Debate on climate pits scientists against skeptics and deniers
The senator wanted no more of it.
The climate change debate had raged on, and despite overwhelming scientific evidence that human activity is a major factor in climate change, U.S. Sen. Ron Johnson, R-Wis., left the Senate hearing in denial.
“The science is far from settled,” he said as he collected his things and left.
As dramatic as Johnson’s exit was in March 2014, climate change denial is not so unusual. Numerous blogs, websites and books claim that climate change is a worldwide hoax.
Ralph Heredia, a climate change denier living in South Florida, says scientists make money by creating propaganda.
“If we say that there is no climate change and there is no issue with that, nobody benefits from it or is affected by it,” Heredia said. “But by creating a chaos, someone will benefit from it.”
Climate change might be a fairly new debate in the political forum, but the denial of scientific findings is an age-old idea.
Prior to 1492, people thought the world was flat. In 1633, Galileo was exiled for stating that the Earth revolved around the sun; in 1859, Charles Darwin released his theory of evolution, which is still not accepted by some religions. To this day, many believe that the universe is thousands of years old rather than billions.
Climate change science might eventually prevail over deniers. The difference between this issue and past topics, however, is that it may be too late, scientists say.
In a report issued by the United Nations Intergovernmental Panel on Climate Change in November 2014, co-author and Princeton University geosciences professor Michael Oppenheimer stated that the disastrous effects are coming sooner than we believe and that the “window of opportunity for acting in a cost-effective way — or in an effective way — is closing fast.”
Dan Kahan, a professor at Yale University, has studied public attitudes on climate change. Based on his studies, Kahan said that a major problem is a climate change skeptic’s reasoning.
“What we believe about the facts tells us who we are,” he said.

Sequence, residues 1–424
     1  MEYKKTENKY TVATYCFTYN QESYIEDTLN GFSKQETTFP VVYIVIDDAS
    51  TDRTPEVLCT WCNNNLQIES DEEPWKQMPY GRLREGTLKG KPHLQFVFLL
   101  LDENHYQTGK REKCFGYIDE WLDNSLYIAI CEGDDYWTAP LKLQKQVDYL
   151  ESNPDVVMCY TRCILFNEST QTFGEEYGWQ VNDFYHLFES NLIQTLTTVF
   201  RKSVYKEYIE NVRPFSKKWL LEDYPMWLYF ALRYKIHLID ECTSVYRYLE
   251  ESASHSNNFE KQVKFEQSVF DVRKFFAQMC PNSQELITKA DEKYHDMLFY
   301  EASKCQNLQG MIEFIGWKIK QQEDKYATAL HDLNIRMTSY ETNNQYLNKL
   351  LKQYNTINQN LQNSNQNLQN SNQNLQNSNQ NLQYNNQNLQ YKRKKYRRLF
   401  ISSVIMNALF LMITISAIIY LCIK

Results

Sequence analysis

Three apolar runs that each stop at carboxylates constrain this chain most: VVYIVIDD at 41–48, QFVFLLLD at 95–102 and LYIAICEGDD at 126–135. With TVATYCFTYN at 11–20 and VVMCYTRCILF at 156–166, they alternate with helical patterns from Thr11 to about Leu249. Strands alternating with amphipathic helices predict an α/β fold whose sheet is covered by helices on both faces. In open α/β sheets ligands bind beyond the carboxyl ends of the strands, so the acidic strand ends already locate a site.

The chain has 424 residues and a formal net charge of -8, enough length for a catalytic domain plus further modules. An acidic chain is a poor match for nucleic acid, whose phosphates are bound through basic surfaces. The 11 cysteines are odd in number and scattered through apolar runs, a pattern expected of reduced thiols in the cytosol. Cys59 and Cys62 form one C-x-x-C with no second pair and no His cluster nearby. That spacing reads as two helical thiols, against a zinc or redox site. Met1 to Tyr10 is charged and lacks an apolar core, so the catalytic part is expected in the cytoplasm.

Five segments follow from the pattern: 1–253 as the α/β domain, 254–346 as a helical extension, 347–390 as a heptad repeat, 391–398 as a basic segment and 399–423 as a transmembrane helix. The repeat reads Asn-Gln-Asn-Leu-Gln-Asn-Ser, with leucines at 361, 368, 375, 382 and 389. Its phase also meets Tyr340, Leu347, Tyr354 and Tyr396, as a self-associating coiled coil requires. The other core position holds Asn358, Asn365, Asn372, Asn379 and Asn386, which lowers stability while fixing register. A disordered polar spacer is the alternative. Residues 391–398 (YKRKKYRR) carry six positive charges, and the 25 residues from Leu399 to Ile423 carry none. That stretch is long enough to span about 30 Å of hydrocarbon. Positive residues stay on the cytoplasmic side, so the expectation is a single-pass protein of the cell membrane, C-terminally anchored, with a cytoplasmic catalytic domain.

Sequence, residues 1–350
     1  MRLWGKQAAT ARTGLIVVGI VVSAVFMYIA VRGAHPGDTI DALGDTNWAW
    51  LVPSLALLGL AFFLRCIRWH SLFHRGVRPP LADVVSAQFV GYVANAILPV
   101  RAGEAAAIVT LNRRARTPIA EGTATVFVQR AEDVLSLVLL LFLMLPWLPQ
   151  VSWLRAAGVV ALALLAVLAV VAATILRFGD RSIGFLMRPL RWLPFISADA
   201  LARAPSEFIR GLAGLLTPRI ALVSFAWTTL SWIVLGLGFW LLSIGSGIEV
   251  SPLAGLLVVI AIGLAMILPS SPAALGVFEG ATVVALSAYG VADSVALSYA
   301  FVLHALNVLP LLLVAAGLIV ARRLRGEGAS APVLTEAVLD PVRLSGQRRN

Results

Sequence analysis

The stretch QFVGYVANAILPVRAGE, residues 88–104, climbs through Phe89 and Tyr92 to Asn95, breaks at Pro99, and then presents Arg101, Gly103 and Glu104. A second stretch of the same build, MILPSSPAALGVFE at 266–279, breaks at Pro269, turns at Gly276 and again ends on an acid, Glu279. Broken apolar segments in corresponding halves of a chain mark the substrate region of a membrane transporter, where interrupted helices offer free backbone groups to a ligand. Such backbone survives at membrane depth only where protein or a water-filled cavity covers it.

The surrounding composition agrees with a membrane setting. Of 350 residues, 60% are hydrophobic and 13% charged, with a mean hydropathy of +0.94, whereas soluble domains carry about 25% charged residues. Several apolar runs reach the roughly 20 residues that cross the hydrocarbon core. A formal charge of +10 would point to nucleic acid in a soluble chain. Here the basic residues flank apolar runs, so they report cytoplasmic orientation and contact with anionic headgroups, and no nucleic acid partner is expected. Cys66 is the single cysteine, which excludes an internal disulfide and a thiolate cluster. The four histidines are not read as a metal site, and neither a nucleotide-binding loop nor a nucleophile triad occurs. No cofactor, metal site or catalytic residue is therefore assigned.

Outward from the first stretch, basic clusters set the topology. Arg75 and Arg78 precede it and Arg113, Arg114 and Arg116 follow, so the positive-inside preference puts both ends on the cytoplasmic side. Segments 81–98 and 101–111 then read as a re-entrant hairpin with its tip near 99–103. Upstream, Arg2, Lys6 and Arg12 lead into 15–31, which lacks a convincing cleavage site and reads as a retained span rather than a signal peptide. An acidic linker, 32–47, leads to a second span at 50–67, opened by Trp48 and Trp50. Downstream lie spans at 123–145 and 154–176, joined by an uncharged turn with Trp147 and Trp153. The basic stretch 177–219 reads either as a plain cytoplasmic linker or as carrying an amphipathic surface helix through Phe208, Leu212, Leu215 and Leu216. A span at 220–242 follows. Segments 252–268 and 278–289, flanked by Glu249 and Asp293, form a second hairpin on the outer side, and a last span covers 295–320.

According to Kahan, most people don’t know enough about climate change to support their opinion. If given a climate change assessment test, neither supporters nor deniers would do better than the other, he said. Both would do “horribly.”
“Both sides don’t know what they are talking about,” he said. He added that they “are processing information in a way that is biased.”
The motivation for many climate change deniers lies in combating potential political policies that could be adopted as a result of Earth’s rising temperatures. Other deniers have been given misinformation from fossil fuel companies such as ExxonMobil. These companies downplay climate change to prevent new environmental legislation from passing.
In July, the Union of Concerned Scientists released a report stating that Americans were misinformed for nearly the past three decades and that scientific fraud potentially took place.
The report stated that ExxonMobil funded a supposed independent climatologist from the Smithsonian Institution who denied the effects of climate change. Information such as this gives skeptics ammunition for their denial because their arguments rely on so-called scientific findings that may not be true.
Many people are saying politicians need to do something about climate change, said Riley E. Dunlap, a professor of sociology at Oklahoma State University.
“For many it’s easier to deny the truth than accept government relations,” Dunlap said.
Most politicians opposed to climate change do not refute that the climate is changing. Instead, they have shifted their focus to whether these changes are man-made. In fact, the typical climate change denier doesn’t identify as a denier but rather a skeptic, someone who believes the changes are natural and will do minimal damage.
Despite this opinion, Kahan is not surprised that the public’s initial reaction is to avoid a new scientific finding. Kahan said deniers do not want to change their belief system or identity because it is a “psychologically brutal process” that is terrifying to most. The Identity-Protection Cognition theory, as Kahan calls it, is the reason why science deniers appear to reason in a way that will support their case instead of find the truth.
Kahan wrote that he is more surprised that people are expected to act in a rational way. His research states that an individual’s ability to reason cannot be trusted because it is typically used to protect one’s own identity. But empirical research operates in an entirely different way from how people usually think.
“Science is about what the weight of the evidence is,” he said.